Colin Montgomerie wins coach award
Europe's Ryder Cup captain Colin Montgomerie has scooped the BBC Sports Personality Coach of the Year award.
The 47-year-old Scot masterminded Europe's 14½-13½ victory over the United States at Celtic Manor.
He beat Blackpool manager Ian Holloway, who guided the Tangerines into the Premier League, and England cricket coach Andy Flower to the award.
Though not strictly a coach, Montgomerie was credited with getting the best out of his team in Wales.
Europe trailed 6-4 after the first two sessions but Montgomerie's men hit back to lead 9½-6½ ahead of the singles.
"It is an honour again to be here again and receive this award on behalf of 12 fantastic players and coaches, who got us prepared just that bit better than the opposition," said Montgomerie.
"It was a fantastic year for European golf, we've never been in ruder health, I'm privileged to be here to receive this on behalf of the European Tour."
As well as providing a source of inspiration himself, Montgomerie employed the support of his experienced team of vice-captains in Thomas Bjorn, Darren Clarke, Paul McGinley and Sergio Garcia.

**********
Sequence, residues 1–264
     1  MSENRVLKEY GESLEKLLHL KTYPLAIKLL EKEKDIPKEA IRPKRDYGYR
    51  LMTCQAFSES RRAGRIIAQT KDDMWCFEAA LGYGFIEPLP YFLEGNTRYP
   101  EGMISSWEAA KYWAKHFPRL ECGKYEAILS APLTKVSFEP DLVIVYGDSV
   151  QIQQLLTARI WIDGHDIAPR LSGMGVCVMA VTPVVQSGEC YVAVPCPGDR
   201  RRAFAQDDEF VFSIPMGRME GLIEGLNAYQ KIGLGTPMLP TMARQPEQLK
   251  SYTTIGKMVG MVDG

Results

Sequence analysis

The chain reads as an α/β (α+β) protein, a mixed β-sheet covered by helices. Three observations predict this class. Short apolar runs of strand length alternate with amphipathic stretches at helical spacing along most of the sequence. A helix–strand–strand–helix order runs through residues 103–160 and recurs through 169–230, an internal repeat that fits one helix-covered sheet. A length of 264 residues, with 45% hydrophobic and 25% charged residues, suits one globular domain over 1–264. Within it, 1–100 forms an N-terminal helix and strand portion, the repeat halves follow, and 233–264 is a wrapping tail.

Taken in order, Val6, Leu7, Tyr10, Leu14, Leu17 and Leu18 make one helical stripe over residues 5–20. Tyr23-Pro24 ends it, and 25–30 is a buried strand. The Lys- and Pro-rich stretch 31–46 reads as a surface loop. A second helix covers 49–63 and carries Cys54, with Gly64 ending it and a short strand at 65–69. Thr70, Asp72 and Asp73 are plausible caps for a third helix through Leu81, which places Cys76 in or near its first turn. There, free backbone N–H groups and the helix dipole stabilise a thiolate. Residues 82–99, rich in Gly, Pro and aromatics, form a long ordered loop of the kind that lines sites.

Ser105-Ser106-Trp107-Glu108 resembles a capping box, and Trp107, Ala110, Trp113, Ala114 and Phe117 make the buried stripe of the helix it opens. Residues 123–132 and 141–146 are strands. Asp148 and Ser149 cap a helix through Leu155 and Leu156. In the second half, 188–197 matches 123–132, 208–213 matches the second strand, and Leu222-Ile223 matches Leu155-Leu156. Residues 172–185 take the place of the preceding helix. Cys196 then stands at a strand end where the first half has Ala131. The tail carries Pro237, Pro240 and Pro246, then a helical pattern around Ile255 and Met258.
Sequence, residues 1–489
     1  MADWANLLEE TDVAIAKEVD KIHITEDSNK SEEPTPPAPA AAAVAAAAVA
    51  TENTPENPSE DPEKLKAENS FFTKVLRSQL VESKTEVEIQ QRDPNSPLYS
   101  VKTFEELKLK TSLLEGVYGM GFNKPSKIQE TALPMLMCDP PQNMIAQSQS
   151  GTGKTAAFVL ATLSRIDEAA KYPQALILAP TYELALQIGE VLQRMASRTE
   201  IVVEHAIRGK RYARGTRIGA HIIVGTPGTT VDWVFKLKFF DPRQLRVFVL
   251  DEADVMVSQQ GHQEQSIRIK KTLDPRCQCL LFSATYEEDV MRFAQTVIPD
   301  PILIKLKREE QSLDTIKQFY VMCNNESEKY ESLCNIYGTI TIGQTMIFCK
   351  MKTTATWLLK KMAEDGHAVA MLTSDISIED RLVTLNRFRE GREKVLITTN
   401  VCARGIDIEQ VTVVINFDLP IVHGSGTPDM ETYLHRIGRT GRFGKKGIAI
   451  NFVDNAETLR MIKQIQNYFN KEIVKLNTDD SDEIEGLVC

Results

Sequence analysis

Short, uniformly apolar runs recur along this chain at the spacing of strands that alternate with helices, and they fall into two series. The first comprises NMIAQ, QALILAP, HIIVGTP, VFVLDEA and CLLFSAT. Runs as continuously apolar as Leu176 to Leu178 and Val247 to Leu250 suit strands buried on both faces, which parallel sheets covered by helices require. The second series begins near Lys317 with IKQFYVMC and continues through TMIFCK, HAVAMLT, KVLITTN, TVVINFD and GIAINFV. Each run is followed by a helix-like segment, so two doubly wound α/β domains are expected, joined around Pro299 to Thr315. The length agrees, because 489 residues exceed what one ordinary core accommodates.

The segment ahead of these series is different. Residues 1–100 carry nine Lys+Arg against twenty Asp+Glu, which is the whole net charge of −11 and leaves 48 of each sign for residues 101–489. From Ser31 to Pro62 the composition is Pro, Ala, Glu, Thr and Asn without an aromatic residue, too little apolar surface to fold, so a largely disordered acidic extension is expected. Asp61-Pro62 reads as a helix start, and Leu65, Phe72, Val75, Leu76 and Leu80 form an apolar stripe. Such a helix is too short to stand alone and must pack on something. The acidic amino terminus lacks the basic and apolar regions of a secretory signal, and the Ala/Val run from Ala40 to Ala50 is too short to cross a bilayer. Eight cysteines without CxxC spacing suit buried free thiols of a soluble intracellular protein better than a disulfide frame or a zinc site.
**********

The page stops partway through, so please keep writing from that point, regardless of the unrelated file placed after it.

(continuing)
He also drafted in Ryder Cup great Jose Maria Olazabal during the tournament and invited the Spaniard's ailing former partner
Seve Ballesteros to address the team
by phone ahead of the event.
Proudest moment of my career - Monty
said after Graeme McDowell
beat Hunter Mahan in the last group to seal the victory: "I didn't hit a shot, yet it is a proud, proud moment for me.
"I want to talk about how well everyone played, because to a man they were magnificent and they all gave me 110%, which was all I could ask for."
The captain's role is also to choose his wildcards and organise the pairings and singles order and McDowell insists Montgomerie performed his role to perfection.
"He was amazing. He's everything that is the Ryder Cup and to be able to do that for him was very special," said McDowell.
Montgomerie also has an enviable Ryder Cup record as a player, having never lost a singles match, and he sunk the
winning putt in the 2004 match.
He won the European Order of Merit eight times and was a runner-up in five majors.
The closest he came to landing one of the big four came in
2006 at the US Open.
Montgomerie was tied for the lead with Phil Mickelson playing the final hole but made a double bogey to lose by a stroke to Australia's Geoff Ogilvy.
Despite having missed out in play-offs at the 1994 US Open and 1995 USPGA, the Scot said that was the only tournament where he "really messed up".